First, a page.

The Many Faces Of Mortgage Business Intelligence

It’s not hard to understand the soaring popularity of mortgage business intelligence (MBI) when it comes to increasing production without adding personnel. Time and time again, industry players have proven that persistent situational awareness, an effect of MBI’s constant stream of data, can take any mortgage company from the inconsistent operational focus engendered by periodic reports and spreadsheets to the consistent focus that comes from live dashboards. It’s a shift from reactive to proactive. And it brings with it an increase in capacity that significantly impacts an organizationís bottom line.

But MBI doesn’t stop there. While process improvements in operations generally get the most press because they represent the first phase of most MBI initiatives, subsequent phases can optimize virtually any other aspect of a mortgage business. With so much talk about regulatory issues this year, compliance is another area where MBI can shine. Considering the new short fuse disclosure and documentation timelines coming out this year, MBI will be invaluable in tracking the fields and dates necessary to ensure that all documents and disclosures are processed accurately and within the required timeframe, automatically alerting users if certain loans are in danger of becoming noncompliant.

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For sales operations, MBI can measure loan officer activity to ensure that applications do not get submitted to processing until they’re ready. In much the same way that manufacturing business intelligence systems examine and screen raw materials fed into factories to increase production quality, MBI will measure loan officer performance across a number of weighted metrics, giving a much truer picture of loan officer productivity and profitability than volume measurements alone. The resulting changes in loan officer behavior can further boost operational capacity, as applications that are well qualified and complete are not only easier to process, but faster as well. A shorter loan handle time means less time for the borrower to shop, and more time for processing additional loans.

Secondary marketing may be one of the last places you would expect to see MBI leveraged, but secondary may present the most compelling use case of all. Secondary marketing has become quite complex in recent years as lenders guard against rate volatility with intricate hedge models. Lock policies have tightened to the point where some lenders wonít lock loans for more than one or two hours. And an increased incidence of margin call features on warehouse lines have left many lenders obsessed about their liquidity. These and other fascinations of the evolving secondary market necessitate a high degree of precision when it comes to pipeline management. Itís not uncommon for secondary managers to demand hourly pipeline updates that are simply not possible without mortgage business intelligence.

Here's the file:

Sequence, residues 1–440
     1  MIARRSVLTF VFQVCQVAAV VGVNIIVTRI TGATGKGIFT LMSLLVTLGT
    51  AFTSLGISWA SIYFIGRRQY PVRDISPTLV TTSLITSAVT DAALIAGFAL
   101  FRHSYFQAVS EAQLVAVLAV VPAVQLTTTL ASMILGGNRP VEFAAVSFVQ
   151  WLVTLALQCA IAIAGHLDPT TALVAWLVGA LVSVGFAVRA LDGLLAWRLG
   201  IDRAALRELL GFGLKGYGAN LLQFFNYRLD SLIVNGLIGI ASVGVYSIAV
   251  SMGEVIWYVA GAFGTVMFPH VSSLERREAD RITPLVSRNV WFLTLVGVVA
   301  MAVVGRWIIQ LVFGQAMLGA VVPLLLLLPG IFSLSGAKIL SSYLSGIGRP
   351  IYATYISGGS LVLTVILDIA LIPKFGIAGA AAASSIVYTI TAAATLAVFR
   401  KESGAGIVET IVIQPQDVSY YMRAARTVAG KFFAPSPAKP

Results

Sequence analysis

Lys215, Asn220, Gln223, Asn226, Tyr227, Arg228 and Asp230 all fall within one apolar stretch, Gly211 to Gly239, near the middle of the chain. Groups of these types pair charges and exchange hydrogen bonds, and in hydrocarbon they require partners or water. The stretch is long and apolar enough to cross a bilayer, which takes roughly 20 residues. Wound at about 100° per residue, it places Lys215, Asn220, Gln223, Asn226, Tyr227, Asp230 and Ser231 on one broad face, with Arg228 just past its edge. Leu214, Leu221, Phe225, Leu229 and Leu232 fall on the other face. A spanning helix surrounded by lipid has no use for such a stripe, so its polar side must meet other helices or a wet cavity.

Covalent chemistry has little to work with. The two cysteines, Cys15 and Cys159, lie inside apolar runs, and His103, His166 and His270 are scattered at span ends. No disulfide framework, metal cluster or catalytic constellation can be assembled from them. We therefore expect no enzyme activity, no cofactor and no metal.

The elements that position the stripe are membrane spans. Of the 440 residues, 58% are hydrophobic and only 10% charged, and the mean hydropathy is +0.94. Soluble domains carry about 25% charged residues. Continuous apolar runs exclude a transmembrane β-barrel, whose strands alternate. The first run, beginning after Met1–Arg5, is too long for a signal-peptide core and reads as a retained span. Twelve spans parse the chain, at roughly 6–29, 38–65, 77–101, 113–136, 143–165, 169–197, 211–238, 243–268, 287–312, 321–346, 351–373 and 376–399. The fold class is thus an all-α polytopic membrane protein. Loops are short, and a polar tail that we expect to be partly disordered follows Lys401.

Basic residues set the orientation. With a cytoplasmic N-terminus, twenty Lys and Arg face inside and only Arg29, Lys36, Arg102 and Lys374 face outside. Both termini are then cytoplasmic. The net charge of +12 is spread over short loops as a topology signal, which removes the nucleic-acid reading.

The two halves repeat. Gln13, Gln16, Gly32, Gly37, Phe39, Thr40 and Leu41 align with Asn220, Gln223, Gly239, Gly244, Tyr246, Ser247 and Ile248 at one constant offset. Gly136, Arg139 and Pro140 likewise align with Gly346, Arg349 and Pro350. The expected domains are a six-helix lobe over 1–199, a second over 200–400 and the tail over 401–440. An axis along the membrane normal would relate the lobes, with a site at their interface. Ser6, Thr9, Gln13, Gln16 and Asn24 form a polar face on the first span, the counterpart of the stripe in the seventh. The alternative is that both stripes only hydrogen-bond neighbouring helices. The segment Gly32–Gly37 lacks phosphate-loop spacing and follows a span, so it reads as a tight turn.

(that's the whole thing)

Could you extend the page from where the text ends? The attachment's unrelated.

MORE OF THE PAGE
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Beyond operations, sales, compliance, and secondary marketing, MBI can optimize business processes for correspondent channels, wholesale lending, servicing, and more. While many lenders remain focused on expanding production capacity in operations, MBI is likely to see increased exposure in other areas as mortgage companies deepen their understanding of this technology.

About The Author

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Jon Maynell
Jon Maynell is a mortgage industry veteran, with over 25 years of experience designing, marketing, and writing about mortgage technology. He is currently Vice President of Client Services at Denver-based Motivity Solutions, Inc. He can be reached at 303-721-9000, or jon.maynell@motivitysolutions.com.